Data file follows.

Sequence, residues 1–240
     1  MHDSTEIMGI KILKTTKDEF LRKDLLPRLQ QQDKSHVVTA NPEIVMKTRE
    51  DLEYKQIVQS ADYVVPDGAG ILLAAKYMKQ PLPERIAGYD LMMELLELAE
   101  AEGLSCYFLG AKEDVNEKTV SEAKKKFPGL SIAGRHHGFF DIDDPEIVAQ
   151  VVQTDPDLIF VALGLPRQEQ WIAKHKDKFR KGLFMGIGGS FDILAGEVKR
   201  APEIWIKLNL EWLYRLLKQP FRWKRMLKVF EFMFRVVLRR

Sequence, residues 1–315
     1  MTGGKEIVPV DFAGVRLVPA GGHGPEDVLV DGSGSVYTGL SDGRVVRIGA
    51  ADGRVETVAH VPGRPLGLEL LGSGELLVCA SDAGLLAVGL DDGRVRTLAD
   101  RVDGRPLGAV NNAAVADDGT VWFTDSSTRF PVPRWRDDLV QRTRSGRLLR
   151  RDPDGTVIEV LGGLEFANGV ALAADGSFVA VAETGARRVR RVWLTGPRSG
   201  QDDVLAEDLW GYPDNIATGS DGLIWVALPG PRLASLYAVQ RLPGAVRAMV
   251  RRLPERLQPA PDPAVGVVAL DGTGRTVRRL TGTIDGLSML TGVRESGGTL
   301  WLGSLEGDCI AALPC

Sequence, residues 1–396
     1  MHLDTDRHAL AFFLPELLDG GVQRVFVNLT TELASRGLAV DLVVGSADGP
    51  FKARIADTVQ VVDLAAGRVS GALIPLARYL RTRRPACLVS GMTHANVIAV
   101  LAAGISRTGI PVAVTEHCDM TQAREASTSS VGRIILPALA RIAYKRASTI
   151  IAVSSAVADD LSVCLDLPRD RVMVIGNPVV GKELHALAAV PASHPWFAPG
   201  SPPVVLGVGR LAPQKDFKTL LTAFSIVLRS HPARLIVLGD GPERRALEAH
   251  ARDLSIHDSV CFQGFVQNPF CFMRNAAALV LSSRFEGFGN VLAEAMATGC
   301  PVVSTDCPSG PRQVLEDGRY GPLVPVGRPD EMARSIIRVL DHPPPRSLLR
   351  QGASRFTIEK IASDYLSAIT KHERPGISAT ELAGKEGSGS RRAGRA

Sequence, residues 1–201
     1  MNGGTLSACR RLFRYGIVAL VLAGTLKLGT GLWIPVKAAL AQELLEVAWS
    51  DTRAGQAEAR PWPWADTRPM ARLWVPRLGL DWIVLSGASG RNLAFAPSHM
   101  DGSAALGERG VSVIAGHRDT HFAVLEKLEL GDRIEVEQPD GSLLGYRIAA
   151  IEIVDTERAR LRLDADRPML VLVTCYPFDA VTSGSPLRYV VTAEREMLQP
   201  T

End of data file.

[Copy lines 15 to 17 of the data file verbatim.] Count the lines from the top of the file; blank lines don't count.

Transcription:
Sequence, residues 1–396
     1  MHLDTDRHAL AFFLPELLDG GVQRVFVNLT TELASRGLAV DLVVGSADGP
    51  FKARIADTVQ VVDLAAGRVS GALIPLARYL RTRRPACLVS GMTHANVIAV